Thursday September 19, 2019

Anticipated implementation of ‘three-language formula’ to open gates for Sanskrit learners

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Image source: photodivision.gov.in

Chennai: The Ministry of Human Resource Development, around three months ago, constituted a 13-member expert committee, with former Chief Election Commissioner N Gopalaswami as its head. The core agenda of committee was to suggest measures to integrate the study of Sanskrit with subjects such as Mathematics, Science and Law.

The committee suggested setting up of an independent Sanskrit cell in country’s premier institutions while making a ‘three-language formula’ mandatory for all schools.

Tabled by the committee on 4 February, the report according to Gopalaswami contains suggestions which if implemented, would open up avenues for students, who want to pursue Sanskrit.

The final decision on implementing the suggestions is expected to be taken by HRD Minister Smriti Irani shortly.

Clarifying contrary reports which announced the committee’s decision to make Sanskrit a mandatory subject, Gopalaswami clarified in an interaction with reporters that it is not true since nobody is forcing them to opt for the ancient language.

“All we have said is that there should be an option made available for students so that those wishing to learn Sanskrit can opt for it,” he asserted.

Under the two-language policy, Gopalaswami feels students who desire to learn Sanskrit are faced with the dilemma of choice. He said, “This is because they are forced to learn English and the native language (mother tongue), meaning even if they want to learn Sanskrit, they are not able to.”

Gopalaswami told about the flexibility of the three-language policy under which students can choose among a plethora of languages. He said, “In the report, we have made it clear that the option must be made available for eight scheduled languages and the students can, in turn, decide the three languages they wish to opt for.”

He stated about the abundance of information pertaining to medicine, architecture, science and technology available in Sanskrit, which could only be understood if the language is learnt first.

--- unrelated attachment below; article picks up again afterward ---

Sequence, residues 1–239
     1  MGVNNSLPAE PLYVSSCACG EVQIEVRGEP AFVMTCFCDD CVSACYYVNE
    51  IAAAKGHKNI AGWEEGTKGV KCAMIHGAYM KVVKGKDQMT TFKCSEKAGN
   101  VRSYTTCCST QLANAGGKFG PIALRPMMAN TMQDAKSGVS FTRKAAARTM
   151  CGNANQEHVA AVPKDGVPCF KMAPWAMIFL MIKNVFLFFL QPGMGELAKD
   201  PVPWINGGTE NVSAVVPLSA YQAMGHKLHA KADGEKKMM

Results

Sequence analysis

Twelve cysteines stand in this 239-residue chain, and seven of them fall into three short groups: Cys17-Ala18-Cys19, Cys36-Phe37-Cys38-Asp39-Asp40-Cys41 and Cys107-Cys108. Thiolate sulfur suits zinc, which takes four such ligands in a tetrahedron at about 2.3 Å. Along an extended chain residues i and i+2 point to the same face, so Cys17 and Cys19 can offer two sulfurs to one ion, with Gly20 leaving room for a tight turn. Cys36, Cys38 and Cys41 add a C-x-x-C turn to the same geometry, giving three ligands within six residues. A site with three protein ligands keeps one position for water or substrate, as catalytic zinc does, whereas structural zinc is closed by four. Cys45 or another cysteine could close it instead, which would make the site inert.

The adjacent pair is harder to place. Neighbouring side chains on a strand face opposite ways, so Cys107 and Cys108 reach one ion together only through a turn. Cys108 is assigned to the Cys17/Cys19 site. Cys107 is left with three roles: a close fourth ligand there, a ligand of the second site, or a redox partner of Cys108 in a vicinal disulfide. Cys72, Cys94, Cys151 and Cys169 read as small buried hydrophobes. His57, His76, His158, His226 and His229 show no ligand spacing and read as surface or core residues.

If you close your eyes, it doesn’t mean that light is non-existent. All the knowledge in Sanskrit texts has been existing for ages and there is a dire need to comprehend them and use them for the collective welfare of the nation,” he said, reiterating, “The suggestions are only for those with an inclination to learn Sanskrit and there is no compulsion on anyone to opt for the language against one’s choice.”

Since a huge amount of informational material is available in Sanskrit, Gopalaswami believes that implementation of the report will bring a positive impact in the educational system, beneficial for the common welfare of the people.

“Otherwise, somebody else will do it and you will start running behind,” he added.

Stating the report’s purpose, Gopalaswami further said that establishing a Sanskrit cell in premier institutions of the country, including the IITs and IIMs, is a significant step in opening up a platform for those willing to research in the ancient language. (Inputs from newstodaynet.com)

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Indian Government Spent Nearly Rs 4Kcr on Swachh Bharat Info, Education

“The Swachh Bharat mission can serve as a model for other countries around the world that urgently need to improve access to sanitation for the world’s poorest."

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swachhata abhiyan
The government's much publicised Swachh Bharat Mission -- which aims to enhance the level of sanitation in India and make the country open defecation free (ODF). Flickr